Interleukin 10, monocytes and increased risk of early infection in ischaemic stroke

Á Chamorro*, S. Amaro, M. Vargas, V. Obach, Á Cervera, F. Torres, A. M. Planas

*Corresponding author for this work

Research output: Contribution to journalArticleResearchpeer-review

84 Citations (Scopus)


Background and purpose: The pathophysiology of stroke-associated infection (SAI) is uncertain. The cytokine profile and peripheral white cell response were assessed in patients with or without SAI. Methods: The incidence of SAI was assessed in 110 patients with ischaemic stroke allocated antibiotic prophylaxis or placebo within 24 h of clinical onset. Peripheral white cell counts, interleukin (IL)6, tumour necrosis factor (TNF)α and IL10 were measured in plasma. Results: 17 (15%) patients developed infection and showed time-dependent increases of total white cell count, neutrophils, monocytes, lymphocytes, IL6 and IL10, whereas TNFα and the TNFα/IL10 ratio decreased. In logistic regression, IL10 (odds ratio (OR) 1.08, 95% confidence interval (CI) 1.01 to 1.16), monocyte count (OR 1.42, 95% CI 1.08 to 1.87) and National Institute for Health Stroke Survey score on admission (OR 1.17, 95% CI 1.05 to 1.31) were independent predictors of systemic infection. Conclusions: SAI is associated with stroke severity, excessive IL10-mediated response and an increased number of circulating monocytes. These results support the finding that acute ischaemic brain injury triggers a blood-borne anti-inflammatory response that decreases the antimicrobial drive of the immune system.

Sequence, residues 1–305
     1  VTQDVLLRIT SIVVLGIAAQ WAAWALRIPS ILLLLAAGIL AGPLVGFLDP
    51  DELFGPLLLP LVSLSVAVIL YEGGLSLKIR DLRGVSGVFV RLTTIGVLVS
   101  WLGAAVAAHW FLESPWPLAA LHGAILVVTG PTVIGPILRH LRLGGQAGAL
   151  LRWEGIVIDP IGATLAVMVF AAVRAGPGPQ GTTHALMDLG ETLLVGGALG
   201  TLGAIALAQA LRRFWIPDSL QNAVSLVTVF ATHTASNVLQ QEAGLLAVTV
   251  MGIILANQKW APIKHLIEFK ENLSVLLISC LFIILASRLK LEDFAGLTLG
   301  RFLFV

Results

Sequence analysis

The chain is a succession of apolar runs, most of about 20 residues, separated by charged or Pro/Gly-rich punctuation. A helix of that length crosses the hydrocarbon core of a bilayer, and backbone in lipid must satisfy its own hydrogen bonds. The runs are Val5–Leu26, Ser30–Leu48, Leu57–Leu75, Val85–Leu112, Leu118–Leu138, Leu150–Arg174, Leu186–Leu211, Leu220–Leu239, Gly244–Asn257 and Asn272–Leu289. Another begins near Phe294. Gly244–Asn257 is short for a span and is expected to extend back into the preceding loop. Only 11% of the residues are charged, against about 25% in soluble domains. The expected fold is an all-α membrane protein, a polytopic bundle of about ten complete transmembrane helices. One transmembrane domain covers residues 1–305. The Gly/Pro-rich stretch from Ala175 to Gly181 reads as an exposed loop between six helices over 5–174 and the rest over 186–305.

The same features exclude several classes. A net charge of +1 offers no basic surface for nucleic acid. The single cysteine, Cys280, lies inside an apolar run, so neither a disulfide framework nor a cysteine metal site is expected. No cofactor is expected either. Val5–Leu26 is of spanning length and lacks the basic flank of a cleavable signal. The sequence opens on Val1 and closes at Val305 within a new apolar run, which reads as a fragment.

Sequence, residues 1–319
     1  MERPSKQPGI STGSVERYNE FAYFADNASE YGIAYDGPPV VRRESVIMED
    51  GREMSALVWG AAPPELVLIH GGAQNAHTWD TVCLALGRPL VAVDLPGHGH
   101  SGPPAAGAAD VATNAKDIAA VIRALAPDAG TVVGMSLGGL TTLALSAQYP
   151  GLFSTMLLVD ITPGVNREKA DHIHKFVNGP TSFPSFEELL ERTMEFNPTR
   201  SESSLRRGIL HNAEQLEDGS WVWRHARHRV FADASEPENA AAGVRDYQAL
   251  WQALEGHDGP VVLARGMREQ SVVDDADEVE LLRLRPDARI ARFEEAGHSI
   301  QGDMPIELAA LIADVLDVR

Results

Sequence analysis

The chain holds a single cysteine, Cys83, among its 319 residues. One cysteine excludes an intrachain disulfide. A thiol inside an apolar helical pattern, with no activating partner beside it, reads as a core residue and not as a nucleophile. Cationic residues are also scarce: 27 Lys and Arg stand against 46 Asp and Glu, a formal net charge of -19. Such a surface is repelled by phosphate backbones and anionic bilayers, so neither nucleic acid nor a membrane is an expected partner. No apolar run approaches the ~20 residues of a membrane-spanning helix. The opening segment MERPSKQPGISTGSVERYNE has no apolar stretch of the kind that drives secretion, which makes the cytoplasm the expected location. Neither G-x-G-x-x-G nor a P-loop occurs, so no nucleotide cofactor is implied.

Original languageAmerican English
Pages (from-to)1279-1281
Number of pages3
JournalJournal of Neurology, Neurosurgery and Psychiatry
Issue number11
Publication statusPublished - Nov 2006


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